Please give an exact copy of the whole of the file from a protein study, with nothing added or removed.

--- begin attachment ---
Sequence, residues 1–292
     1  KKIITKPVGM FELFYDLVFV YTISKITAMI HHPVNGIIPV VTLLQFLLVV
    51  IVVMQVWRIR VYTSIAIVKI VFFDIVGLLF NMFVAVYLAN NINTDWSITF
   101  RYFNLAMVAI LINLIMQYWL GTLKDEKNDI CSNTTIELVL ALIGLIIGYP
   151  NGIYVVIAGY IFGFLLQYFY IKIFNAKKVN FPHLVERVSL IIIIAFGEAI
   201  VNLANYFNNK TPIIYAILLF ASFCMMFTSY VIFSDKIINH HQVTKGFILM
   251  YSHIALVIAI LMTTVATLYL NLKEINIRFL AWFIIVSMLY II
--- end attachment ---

Sequence, residues 1–292
     1  KKIITKPVGM FELFYDLVFV YTISKITAMI HHPVNGIIPV VTLLQFLLVV
    51  IVVMQVWRIR VYTSIAIVKI VFFDIVGLLF NMFVAVYLAN NINTDWSITF
   101  RYFNLAMVAI LINLIMQYWL GTLKDEKNDI CSNTTIELVL ALIGLIIGYP
   151  NGIYVVIAGY IFGFLLQYFY IKIFNAKKVN FPHLVERVSL IIIIAFGEAI
   201  VNLANYFNNK TPIIYAILLF ASFCMMFTSY VIFSDKIINH HQVTKGFILM
   251  YSHIALVIAI LMTTVATLYL NLKEINIRFL AWFIIVSMLY II